We need strong women who can challenge men and stand up for themselves. Strong women like the ones we have in Gospel music the likes of Ethel Kamwendo Banda, Thoko Suya, Favoured Martha among others. Most importantly, Malawians need to change their mindset on how they see secular female artists. This is 2016; we need to move with time.

Veteran rapper Kalilani, Pastor Zacc Kawalala slam Bushiri in a song

David Kalilani

By Harold Kapindu

Veteran Holy Hip Hop artist and former Real Elements member David Kalilani, Black Flame and Pastor Zacc Kawalala of Word Alive Ministries have teamed up on a Prophet Bushiri diss song ‘Osaopa’ which has received mixed reactions and currently trending on social media.

The song was recorded in January 2016 but it was released to the general public on 30 March.

In the song, the rapper has accused the ‘Major 1’ of deception, infidelity and using magic to perform miracles.

Kalilani raps, “Mathew 24 verse 11, you can perform miracles never see heaven/let’s call a spade a spade, I don’t beat around the bush Bushiri you are not a prophet/you are not major you majoring in the minor…

“…me nat afraid offi de man dem, if they don’t repent hell fire gonna burn dem/Luke 13 v 25 to 27 am about to tell them the truth and it will set them free/you need to enlighten your congregation, the girls that you are having sex with, are conformation kuti utumiki wako ndi abomination/… ndikumasulire interpretation/mkuluyu amatenga mphamvu zake ku madzi, asing’anga ako akuulula uli m’madzi.”

Kalilani who is also a pastor further took a swipe at Bushiri’s protégé Onesimus in a line that says, “I can hear your spiritual sons amvekele Eh papa game yalakwa apapa”.

This is not the first time Kalilani has used music to enlighten the public or call fellow rappers to Christ. In 2012, he released a controversial hit “Exodus part 2” in which he attempted to bring Third Eye, Jolly Bro, Barry one, GD, Marcus, Dominant one and Tay Grin to Christ.

He also related his “Exodus part 2” attempt to “Osaopa” where he is heard rapping, “I am a giant killer…am ready to die on the battlefield, am a warrior ndinasayina kale kale/I gave up the fame and fortune kale kale/God prepared me for this battle kale kale.

“You haven’t heard before, I have killed lions and bears before/maybe you haven’t listened to as you grow, maybe you haven’t listened to Exodus part 2, from experience I know God can kill you too, I have seen him done it before he’s gonna do it again”

Meanwhile, music reviewer Chimwemwe Manyozo commended the song describing it as “Biblical”.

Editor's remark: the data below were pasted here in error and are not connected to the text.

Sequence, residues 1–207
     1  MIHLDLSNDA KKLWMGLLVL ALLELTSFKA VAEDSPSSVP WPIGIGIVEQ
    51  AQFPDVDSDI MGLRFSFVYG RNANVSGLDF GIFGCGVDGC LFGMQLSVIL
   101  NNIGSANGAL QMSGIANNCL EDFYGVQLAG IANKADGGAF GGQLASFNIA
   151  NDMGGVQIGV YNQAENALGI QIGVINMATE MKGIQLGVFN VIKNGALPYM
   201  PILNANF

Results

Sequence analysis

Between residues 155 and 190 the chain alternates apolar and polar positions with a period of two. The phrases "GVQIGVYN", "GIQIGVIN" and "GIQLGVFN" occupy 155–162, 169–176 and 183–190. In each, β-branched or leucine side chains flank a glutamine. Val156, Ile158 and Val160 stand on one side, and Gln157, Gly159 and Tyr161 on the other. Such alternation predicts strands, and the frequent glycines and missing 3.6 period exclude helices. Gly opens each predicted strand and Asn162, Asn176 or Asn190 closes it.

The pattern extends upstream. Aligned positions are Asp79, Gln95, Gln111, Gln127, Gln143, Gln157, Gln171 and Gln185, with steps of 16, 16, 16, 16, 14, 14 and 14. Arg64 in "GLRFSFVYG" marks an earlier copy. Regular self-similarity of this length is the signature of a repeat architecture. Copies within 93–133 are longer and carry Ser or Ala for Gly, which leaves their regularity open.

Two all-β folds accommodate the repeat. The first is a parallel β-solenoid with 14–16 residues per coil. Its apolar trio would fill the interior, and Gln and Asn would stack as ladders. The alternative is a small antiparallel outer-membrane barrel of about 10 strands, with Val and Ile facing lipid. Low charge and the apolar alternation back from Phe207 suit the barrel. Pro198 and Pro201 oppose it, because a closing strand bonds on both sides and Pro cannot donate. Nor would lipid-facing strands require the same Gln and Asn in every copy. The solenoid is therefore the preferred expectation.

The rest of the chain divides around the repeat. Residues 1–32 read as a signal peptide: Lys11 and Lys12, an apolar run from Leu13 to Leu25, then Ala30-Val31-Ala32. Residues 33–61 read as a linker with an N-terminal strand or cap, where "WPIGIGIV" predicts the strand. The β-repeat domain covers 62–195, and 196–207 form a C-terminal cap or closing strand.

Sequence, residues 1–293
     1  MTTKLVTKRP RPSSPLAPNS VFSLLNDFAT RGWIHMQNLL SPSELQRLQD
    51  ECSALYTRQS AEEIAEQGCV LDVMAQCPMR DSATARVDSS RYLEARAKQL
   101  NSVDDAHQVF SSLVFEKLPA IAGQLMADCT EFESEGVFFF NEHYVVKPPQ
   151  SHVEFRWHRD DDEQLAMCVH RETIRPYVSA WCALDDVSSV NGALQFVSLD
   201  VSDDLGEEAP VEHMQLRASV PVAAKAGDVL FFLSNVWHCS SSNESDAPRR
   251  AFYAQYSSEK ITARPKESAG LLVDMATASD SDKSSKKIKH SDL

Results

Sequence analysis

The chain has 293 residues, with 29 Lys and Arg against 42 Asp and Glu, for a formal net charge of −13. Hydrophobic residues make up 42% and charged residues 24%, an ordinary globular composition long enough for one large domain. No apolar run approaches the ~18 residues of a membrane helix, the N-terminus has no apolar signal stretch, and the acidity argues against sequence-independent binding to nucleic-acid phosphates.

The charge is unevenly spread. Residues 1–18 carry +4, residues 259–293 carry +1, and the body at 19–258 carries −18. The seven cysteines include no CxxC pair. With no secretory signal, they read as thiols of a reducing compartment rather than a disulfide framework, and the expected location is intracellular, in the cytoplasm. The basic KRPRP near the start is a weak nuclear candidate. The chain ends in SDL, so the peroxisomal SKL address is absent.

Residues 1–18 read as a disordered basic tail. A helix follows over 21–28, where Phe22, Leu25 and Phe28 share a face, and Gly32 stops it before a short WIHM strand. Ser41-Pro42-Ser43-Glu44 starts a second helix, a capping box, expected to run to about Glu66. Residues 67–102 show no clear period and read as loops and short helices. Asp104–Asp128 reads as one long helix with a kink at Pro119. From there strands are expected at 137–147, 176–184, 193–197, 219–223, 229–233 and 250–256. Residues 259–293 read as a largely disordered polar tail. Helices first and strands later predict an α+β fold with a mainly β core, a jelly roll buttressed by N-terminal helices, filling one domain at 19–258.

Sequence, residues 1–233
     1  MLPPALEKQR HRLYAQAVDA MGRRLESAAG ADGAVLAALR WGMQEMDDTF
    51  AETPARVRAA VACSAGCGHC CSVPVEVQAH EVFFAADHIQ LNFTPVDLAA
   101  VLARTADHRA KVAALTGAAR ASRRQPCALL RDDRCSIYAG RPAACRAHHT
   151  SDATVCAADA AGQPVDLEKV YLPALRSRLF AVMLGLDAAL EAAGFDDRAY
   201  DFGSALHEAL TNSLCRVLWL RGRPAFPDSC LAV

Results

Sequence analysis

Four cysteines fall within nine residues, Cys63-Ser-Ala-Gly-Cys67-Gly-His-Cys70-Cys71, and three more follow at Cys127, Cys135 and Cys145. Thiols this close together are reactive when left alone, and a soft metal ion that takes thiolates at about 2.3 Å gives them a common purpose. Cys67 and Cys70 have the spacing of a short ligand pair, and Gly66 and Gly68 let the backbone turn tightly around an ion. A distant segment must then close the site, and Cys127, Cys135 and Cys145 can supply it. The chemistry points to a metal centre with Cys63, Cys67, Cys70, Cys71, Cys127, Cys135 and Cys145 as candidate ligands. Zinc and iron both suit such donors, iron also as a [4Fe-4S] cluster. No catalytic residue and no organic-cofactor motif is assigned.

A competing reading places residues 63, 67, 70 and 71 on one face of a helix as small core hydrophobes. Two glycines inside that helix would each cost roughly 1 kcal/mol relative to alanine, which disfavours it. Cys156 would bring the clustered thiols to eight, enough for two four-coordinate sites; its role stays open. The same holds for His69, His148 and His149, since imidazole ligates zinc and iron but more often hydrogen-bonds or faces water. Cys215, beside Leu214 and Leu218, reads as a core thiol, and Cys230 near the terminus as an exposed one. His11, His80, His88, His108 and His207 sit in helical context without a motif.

“When you look at all these biblical truths, you will find the song by David, sound biblically. However, those of the politically correct team will find this song inappropriate. Because the basis of a politically correct church is not truth, but rather, making people feel good. Rebuke and Correction has no place in this politically correct atmosphere,” Manyozo said.

He added, “I used scripture to test this song. The bible commands us to test the spirits (1 John 4:1; Acts 17:11); Secondly we are commanded to test songs and other things that concern the church, using scripture (2 Timothy 3:16-17). I therefore based my review on scripture and nothing else.”

Download ‘Osaopa’ here http://www.spiritunez.com/download-osaopa-david-kalilani/

Jaxstar explores the pros and cons of “Ndalama”

Jaxstar - Ndalama hit maker

Jaxstar

Rejuvenated rapper Jaxstar on Saturday 19th March released new song “Ndalama” in which he discusses money, the good, the bad and the ugly.

Done in both English and Chichewa, the song is quite captivating with a catchy hook and a heavy beat that leaves one jiggle throughout the Black Eye produced song which also features Stich Fray.

The rapper said the song was inspired by true events, from having money to being broke hence the public will easily relate to the concept.

In the song, Jaxstar raps, “Look what money brings, enemies and better things/Fake friends they always claim, skinny girls in miniskirts, everyday they wanna flirt/Look what money does, they claim they got the buzz/Money brings happiness/…it brings holiness/Money never went to those that really need it/Money pays all the bills, look how money kills.”

“I talking about something that everybody knows. We know what money has done to all of us, good or bad, it’s just about money.

“I just want to do good music; I’m not trying to be the baddest. We all get moved by music, music is a universal language that we all speak when we want to express ourselves and the events around us hence we call it art, it’s the most beautiful thing in the world,” he stated in an interview.

Born Chimwemwe Ayanja Jamali in a family of six on 5 April 1991 in Lilongwe, Malawi,  he attended Walani Primary School, Michiru Secondary School and went on to pursue a degree in Law and Shariah at Zanzibar University, Tanzania.

Jaxstar started rapping in 2006, he has one mixtape under his belt “2000 and shine” which featured Young Kay, Dare Devils, Revolver and Hypa. The mixtape was released in 2009 under Baseline Studios which was owned by Pempho Kafoteka and Sonyezo Kandoje.

In 2010, Jaxstar put his music on hold and left Malawi for Tanzania to further his studies. After graduating in 2015, he came back to Malawi and he is currently reviving his music career.

In 2015, he teamed with Blantyre based producer Black Eye, Classick and Africa to record his comeback single “No Stress”. In 2016, he has released another single “Ndalama” featuring Stick Fray in preparation for the release of his new EP titled “Not For Your Ears” scheduled for July release.

Listen and Download “Ndalama” on http://mdubvibe.com/song-details/?sid=10896